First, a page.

Rights groups ask Nepal to scrap amnesty provision

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Associated Press

Posted on April 17, 2014 at 4:32 AM

Updated Thursday, Apr 17 at 4:34 AM

KATMANDU, Nepal (AP) — International rights groups said Thursday that parts of a bill proposed by Nepal's government should be rejected because they might allow people who committed serious human rights violations during the country's Maoist insurgency to escape punishment.

Amnesty International, Human Rights Watch, and the International Commission of Jurists said in a statement that the provisions in the Truth and Reconciliation Commission bill would violate international law.

The bill would establish commissions to investigate crimes during the 1996-2006 communist insurgency, when more than 13,000 people were killed and hundreds more went missing, and punish the violators.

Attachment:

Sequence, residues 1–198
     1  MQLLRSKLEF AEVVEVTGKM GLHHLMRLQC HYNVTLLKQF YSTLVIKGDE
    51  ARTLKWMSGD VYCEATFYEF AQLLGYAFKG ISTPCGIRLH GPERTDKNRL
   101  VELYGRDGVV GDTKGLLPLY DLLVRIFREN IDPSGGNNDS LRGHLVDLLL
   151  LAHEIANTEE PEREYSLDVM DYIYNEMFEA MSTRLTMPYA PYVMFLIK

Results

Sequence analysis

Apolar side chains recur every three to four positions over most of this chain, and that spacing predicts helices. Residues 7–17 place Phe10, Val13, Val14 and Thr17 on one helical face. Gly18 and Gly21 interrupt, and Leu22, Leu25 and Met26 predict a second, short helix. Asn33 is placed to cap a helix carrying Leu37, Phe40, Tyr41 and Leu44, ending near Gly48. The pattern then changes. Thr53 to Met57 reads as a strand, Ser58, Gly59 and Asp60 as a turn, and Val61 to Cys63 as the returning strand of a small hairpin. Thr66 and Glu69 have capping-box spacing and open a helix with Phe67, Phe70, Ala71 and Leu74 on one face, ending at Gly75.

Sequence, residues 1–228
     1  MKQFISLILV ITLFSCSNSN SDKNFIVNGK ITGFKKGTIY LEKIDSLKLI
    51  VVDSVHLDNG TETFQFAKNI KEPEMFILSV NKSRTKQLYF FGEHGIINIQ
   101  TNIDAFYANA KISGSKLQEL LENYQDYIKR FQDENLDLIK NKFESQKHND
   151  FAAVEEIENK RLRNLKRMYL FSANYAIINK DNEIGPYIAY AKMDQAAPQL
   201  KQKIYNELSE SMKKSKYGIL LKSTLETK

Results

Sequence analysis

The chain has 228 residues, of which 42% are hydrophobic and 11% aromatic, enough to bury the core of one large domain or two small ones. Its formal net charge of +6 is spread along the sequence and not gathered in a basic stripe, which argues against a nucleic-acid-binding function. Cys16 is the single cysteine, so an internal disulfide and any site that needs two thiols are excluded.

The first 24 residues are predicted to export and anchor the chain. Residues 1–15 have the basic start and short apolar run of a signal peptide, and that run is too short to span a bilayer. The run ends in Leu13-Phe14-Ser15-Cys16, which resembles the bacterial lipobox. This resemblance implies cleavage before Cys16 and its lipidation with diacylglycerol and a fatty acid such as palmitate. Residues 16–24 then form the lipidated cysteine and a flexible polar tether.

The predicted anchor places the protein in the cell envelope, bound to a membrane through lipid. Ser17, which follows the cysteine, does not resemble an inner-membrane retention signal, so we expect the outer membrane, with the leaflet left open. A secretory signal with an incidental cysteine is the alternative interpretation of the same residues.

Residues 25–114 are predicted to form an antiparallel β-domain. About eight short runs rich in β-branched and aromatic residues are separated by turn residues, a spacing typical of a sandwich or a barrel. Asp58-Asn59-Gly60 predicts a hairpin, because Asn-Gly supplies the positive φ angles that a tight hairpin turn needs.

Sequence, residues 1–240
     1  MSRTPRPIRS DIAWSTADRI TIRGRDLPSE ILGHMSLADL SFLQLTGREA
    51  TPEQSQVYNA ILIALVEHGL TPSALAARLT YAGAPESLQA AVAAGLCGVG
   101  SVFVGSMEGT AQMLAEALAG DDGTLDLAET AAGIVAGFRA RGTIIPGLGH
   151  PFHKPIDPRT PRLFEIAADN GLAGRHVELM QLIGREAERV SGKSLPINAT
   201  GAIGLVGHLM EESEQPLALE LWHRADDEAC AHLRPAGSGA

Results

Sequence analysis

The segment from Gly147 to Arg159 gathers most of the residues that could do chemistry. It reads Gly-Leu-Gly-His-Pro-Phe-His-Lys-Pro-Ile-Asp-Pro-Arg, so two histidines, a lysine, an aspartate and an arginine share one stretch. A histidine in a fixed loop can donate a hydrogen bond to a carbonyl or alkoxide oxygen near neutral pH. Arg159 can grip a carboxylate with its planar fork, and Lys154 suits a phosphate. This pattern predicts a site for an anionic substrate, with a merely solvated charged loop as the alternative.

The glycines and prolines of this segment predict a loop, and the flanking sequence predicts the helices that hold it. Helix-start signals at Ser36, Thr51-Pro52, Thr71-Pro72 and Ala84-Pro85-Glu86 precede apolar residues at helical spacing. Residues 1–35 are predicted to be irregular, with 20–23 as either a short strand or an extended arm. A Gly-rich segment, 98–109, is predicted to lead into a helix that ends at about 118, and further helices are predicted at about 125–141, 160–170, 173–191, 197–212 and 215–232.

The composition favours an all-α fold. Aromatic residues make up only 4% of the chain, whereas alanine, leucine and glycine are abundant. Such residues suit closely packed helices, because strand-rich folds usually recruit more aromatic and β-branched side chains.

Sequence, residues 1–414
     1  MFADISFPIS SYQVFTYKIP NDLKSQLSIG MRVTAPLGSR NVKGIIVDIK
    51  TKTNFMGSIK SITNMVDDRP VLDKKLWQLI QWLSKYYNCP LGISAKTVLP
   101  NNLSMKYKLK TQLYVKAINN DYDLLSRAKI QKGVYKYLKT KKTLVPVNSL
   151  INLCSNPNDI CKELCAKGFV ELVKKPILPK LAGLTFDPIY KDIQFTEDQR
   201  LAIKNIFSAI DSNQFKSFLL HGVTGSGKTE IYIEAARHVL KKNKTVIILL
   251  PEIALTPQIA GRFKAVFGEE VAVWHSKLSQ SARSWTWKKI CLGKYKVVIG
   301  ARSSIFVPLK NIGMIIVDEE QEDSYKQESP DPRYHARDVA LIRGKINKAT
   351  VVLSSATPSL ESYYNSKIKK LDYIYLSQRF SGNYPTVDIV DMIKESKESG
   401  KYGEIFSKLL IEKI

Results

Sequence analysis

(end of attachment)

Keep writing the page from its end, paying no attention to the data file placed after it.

But rights activists, who have been demanding that such commissions be set up, say the bill contains vague language and many loopholes that could allow violators to escape punishment.

"The government's obligation is to ensure justice for the victims, not amnesty for the victimizers," said Brad Adams of New York-based Human Rights Watch.

The conflict between government troops and Maoist rebels ended when the rebels signed a U.N.-monitored peace agreement.

Since then the Maoists have joined mainstream politics and their fighters have been integrated into the national army. They are now the third largest political party in parliament and have applied heavy pressure to stop cases from being filed against them for their actions during the insurgency. They maintain that events during the conflict are over since the peace agreement has been signed.

The rights groups also asked the government to ensure that offenses under international law such as crimes against humanity also be made criminal offenses under domestic law.

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